On the flip side, positive emotions activate the parasympathetic branch of the autonomic nervous system (ANS) which acts like the brakes on a car.  The parasympathetic nervous system (PNS) is in charge of calming the body, reducing heart rate and pulse, and bringing the body back to a resting state. The extent to which you can activate your PNS predicts your emotional and physical health. It is intimately related to how well you can self-regulate your own emotions.

Lower levels of PNS activity are related to higher levels of depression (Chambers and Allen, 2002), anxiety (Friedman and Thayer, 1993), aggression (Beauchaine and others, 2007), and hostility (Virtanen and others, 2003).

On the other side, higher levels of PNS activity are associated with better psychological flexibility, health and resiliency. Individuals with higher levels of PNS activity are related to more resiliency to stress (Britton and others, 2008) as well as greater mental health in children in the face of chronic conflict between parents at home.

Gum shoe - outside the box thinking

How do you come up with such an idea? Start with passion and curiosity

Importantly, the frequency with which you experience positive emotions is related to a more active PNS. Individuals who were shown humorous video clips demonstrated faster heart rate recover after experiencing intense negative emotions (Fredrickson & Levenson, 1998). In addition, simply asking people to think about a time when they felt grateful activated the PNS.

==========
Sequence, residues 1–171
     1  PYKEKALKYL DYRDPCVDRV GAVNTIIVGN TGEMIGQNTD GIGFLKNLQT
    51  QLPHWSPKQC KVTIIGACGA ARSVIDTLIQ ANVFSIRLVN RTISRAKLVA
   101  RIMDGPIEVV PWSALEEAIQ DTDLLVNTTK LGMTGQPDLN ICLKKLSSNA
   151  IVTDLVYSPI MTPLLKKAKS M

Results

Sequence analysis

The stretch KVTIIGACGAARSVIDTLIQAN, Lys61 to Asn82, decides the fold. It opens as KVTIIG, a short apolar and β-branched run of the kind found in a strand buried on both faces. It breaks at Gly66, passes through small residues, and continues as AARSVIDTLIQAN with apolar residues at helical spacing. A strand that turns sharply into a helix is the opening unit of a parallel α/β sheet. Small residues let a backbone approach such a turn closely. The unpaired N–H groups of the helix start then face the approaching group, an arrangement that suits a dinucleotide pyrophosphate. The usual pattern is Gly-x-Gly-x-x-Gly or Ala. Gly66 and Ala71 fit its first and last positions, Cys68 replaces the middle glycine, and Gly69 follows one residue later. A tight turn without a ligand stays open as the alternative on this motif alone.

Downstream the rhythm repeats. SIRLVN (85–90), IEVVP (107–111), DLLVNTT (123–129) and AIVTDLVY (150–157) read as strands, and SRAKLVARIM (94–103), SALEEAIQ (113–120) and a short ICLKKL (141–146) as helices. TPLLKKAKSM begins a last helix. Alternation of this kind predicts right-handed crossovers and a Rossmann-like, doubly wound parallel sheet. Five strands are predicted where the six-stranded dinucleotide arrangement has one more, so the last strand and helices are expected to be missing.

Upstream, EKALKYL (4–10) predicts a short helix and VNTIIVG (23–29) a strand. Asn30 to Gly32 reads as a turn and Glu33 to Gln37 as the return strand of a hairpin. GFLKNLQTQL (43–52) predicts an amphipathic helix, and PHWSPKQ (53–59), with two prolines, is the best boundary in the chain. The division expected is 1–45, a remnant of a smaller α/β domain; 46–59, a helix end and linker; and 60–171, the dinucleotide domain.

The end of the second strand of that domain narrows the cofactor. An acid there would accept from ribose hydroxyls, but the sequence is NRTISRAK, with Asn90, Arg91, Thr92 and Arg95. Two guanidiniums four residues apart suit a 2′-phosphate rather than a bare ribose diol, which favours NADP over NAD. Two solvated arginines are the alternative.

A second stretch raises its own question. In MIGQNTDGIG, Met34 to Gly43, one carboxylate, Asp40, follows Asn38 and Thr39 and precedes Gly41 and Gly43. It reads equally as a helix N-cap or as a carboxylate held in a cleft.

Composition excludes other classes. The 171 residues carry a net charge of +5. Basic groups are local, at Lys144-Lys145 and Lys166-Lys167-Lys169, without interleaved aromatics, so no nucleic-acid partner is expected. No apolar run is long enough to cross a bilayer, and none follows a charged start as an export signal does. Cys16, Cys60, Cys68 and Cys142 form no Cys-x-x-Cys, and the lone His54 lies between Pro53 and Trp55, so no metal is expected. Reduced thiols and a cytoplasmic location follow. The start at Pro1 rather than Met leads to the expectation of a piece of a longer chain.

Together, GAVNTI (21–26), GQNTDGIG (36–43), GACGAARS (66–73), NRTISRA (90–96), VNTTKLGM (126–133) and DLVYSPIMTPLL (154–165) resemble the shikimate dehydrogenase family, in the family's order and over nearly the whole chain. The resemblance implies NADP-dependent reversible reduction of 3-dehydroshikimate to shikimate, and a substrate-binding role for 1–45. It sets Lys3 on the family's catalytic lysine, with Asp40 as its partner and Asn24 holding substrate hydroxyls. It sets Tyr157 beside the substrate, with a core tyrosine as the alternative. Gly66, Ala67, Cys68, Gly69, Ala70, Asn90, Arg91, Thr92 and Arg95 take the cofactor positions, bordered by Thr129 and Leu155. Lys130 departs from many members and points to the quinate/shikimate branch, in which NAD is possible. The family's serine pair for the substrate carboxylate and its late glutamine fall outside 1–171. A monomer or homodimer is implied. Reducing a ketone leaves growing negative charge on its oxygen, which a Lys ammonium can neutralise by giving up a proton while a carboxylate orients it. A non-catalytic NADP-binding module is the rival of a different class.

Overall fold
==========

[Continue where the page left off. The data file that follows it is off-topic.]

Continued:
Other ways to ‘turn on’ the PNS include exercise, laughter, mindfulness, massage, yoga, walking your dog and taking fish oil.

Positive psychology John Schinnerer PhD

You’ve gotta’ be inspired to come up with a bedroom like this! 

The success I’ve experienced with clients in my private practice is directly related to how well I can make them laugh. With laughter comes opportunity…

opportunity to unlock stale old anger,

opportunity to teach critical new skills,

opportunity to think outside the box, and

opportunity to transform your life for the better.

How do you proceed from here?

Begin to become more aware of the percentage of time you spend in a positive emotional state as compared to a negative state. This simple realization, this basic level of awareness will begin to produce massive tectonic shifts in your life. And you will reap the benefits…on a number of levels…physical, relational, and emotional.

To life, love and laughter,

John Schinnerer, Ph.D.

Founder, Guide to Self, Inc.

Award-winning author of Guide to Self: The Beginner’s Guide to Managing Emotion and Thought (for a free PDF version, visit http://www.GuidetoSelf.com and enter your name and email address)

Award-winning author of The Shrunken Mind – the blog on positive psychology

Free online anger management classes which incorporate humor and positive psychology at WebAngerManagement.com